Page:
Still celebrating the release of ‘Unburied Treasures – an illustrated anthology‘, I’ve invited Lindsey Duncan – the author of ‘Stone Unturned’ – to chat with me about anthologies, rejection letters, and cooking. I truly adore Lindsey’s work. The imagery in her stories is always so rich and unique, such a delight to immerse in.
Lovely to have you here, Lindsey. Tell us a bit about yourself. What do you do when you’re not writing?
I’m a professional performer and teacher of the traditional lever harp – sometimes referred to as the Celtic harp. My repertoire is primarily Scottish, Welsh and Irish tunes, but I also play Renaissance and medieval tunes and some more contemporary selections – I love Andrew Lloyd Webber. I’ve played some rather unusual pieces on the harp, such as ‘Under The Sea’ from The Little Mermaid and the theme from Jurassic Park.
As if this didn’t keep me scrambling fast enough, I’m currently in culinary school – more on that later.
Of course, I love to read in my (ha!) spare time, a lot of fantasy and culinary-related non-fiction, but I also enjoy mystery novels. I’m a big fan of Ellis Peters’ Cadfael novels.
I adore the magic and mythology in your story Stone Unturned. I got goosebumps when I reached the end. Tell us how you created this world?
Confession: one of the things I love about writing short fiction is creating the illusion of depth and cohesiveness … when the truth is, the reader knows almost as much as I do about the world. In most of my short stories, it’s my first visit.
In the case of Stone Unturned, the world came into being to serve the plot. I knew I wanted elements of duality in the religion, with a benevolent deity and another who, if not exactly malevolent, expressed itself in terms of chaos and fear. I’ve always loved the idea of being able to divine an object’s past by touch, and that seemed a natural fit here. I initially resisted the urge to have the protagonist weave her magic with song, but that was a battle I lost – it just seemed to fit too well.
You have published many short fiction in highly respectable magazines. Can you share with us the secret behind short fiction publishing? How many stories do you submit per year? What do you do with rejection letters?
If there is a secret to short fiction publishing, I haven’t uncovered it yet. For me, it’s a matter of persistence, patience, and a well-organized tracking system because it may be months or even up to a year before an editor responds. As to how many stories I submit a year, that’s tough to answer, because I have a specific system I use: I keep 8-9 stories and 3-4 pieces of flash fiction or poetry in circulation at any one time. As soon as I receive a rejection, the piece goes on to the next market. (Obviously, there are exceptions to this – if the editor has made comments I feel need examining and revision, if the next place I want to submit to isn’t open to submissions right now, etc.)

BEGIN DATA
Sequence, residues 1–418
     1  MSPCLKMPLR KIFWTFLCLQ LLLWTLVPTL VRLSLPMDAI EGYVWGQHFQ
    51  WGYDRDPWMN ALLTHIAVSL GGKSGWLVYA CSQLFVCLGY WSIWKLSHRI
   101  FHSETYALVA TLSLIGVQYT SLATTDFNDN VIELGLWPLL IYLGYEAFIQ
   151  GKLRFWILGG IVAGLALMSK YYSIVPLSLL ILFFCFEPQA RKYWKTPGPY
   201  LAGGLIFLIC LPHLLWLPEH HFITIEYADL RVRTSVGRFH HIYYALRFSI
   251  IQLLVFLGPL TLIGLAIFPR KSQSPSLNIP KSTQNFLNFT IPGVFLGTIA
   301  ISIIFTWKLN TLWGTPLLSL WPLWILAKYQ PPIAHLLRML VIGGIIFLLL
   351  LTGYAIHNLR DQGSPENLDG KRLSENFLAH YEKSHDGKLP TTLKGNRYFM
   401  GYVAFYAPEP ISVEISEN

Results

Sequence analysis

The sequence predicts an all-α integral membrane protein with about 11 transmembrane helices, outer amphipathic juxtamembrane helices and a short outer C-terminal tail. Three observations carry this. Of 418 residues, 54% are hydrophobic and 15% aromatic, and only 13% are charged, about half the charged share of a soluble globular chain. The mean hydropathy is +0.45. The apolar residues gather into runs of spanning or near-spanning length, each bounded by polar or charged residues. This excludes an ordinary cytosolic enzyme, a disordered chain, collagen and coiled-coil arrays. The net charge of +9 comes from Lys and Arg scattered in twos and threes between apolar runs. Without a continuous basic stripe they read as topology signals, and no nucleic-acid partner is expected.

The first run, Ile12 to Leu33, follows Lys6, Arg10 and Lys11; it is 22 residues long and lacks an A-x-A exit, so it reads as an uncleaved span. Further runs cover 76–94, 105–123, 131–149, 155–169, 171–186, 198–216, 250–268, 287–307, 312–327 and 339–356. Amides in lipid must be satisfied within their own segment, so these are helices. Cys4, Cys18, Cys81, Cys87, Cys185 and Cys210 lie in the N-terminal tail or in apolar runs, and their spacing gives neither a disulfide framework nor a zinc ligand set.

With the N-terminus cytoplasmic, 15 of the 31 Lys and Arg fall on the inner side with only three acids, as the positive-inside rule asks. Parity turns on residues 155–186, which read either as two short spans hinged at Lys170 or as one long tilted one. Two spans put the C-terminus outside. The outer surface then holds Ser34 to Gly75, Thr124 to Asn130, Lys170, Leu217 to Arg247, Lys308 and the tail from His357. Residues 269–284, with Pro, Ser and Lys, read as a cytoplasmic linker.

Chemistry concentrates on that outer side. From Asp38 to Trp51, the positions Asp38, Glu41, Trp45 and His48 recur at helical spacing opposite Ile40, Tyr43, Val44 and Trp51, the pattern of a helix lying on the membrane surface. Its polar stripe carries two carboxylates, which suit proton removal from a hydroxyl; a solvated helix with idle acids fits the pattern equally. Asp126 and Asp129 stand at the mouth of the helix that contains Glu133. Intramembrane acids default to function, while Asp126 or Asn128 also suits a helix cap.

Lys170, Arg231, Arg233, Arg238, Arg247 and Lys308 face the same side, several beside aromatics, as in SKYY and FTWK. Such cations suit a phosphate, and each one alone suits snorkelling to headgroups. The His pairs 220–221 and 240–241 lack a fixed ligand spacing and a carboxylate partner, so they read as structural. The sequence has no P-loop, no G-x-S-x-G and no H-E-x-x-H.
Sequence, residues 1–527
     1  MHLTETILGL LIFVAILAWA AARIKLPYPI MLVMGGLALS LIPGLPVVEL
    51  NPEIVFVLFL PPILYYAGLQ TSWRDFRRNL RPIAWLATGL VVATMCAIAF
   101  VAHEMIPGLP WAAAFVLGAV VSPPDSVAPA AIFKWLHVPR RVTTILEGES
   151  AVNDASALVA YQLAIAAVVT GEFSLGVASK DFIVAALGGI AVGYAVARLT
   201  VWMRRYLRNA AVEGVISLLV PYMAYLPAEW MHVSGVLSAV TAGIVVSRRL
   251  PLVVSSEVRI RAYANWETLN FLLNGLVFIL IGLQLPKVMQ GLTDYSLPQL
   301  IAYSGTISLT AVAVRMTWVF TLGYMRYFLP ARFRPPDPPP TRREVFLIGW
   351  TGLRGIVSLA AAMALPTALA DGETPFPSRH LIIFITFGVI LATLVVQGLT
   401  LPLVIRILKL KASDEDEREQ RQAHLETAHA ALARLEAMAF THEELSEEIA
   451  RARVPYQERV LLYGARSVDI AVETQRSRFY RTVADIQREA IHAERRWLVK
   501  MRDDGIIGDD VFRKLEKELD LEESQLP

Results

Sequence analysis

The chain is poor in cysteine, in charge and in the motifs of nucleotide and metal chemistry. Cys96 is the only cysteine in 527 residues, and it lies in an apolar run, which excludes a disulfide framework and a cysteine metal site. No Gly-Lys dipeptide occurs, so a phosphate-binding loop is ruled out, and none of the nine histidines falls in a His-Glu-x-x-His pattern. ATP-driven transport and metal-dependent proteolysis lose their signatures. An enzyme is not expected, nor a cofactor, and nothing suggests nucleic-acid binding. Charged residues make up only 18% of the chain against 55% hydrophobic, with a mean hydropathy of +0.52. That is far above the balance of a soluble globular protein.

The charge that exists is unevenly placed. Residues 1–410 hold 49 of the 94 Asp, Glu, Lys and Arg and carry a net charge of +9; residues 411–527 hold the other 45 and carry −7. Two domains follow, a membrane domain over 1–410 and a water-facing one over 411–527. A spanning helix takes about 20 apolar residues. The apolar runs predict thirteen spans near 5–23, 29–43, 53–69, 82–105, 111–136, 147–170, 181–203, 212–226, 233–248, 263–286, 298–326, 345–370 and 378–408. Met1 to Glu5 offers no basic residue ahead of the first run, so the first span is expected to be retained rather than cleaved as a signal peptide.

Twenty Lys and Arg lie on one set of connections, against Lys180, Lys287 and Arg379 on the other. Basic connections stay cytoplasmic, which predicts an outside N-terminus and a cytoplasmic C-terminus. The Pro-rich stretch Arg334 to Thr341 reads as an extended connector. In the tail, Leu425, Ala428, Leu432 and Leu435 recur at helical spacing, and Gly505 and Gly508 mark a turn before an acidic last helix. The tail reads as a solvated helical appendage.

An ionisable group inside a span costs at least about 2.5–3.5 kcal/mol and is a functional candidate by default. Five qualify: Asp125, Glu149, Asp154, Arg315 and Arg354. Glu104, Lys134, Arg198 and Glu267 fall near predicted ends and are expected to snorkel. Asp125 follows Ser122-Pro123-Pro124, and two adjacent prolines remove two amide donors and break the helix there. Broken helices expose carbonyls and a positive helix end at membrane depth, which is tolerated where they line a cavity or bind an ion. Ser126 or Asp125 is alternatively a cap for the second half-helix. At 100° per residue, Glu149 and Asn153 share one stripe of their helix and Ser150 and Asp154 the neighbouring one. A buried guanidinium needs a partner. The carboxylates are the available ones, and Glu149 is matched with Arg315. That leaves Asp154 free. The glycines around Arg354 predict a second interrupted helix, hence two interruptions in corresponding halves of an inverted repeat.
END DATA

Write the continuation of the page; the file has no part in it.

As for rejection letters, please don’t think less of me, but I delete them! If I decide to make revisions based on editorial advice, of course, I’ll hold onto the rejection until I’ve done so … but I tend to be the kind of person who dwells and obsesses on things, so I’ve learned it’s better for my mental health to remove temptation. Otherwise, I’d go back through all my rejection letters and wallow. Which no one needs to do, really.
Which is your favourite speculative fiction magazine? Which would you recommend to peeps to read?
I have a special place in my heart for Andromeda Spaceways Inflight Magazine – it’s a great magazine. Without a smidge of bias, I also really enjoy Abyss and Apex. Most of the time, though, when I’m looking to read short fiction, I reach for anthologies. Two of my favorites are Murder By Magic (edited by Rosemary Edghill) and Fantastic Companions (edited by Julie E. Czerneda).
And almost everything Mike Resnick edits is golden.
Where can we go to read your awesome stories?
Darwin’s Evolutions is supposed to be closing shop soon, so I want to plug this while it’s still up and available: Fatecraft. This was in direct response to a rejection letter from Black Gate, commenting that they saw too much adventure fiction about assassins. So I set out to write an adventure story about the most unlikely duo I could think of – to whit, a dice-maker and a clock-maker.
Also check out the Trespass anthology which includes my Bird Out Of Water. Another standalone short story, which is a foray into science fantasy and the perils of motherhood, can be found here: Taming The Weald.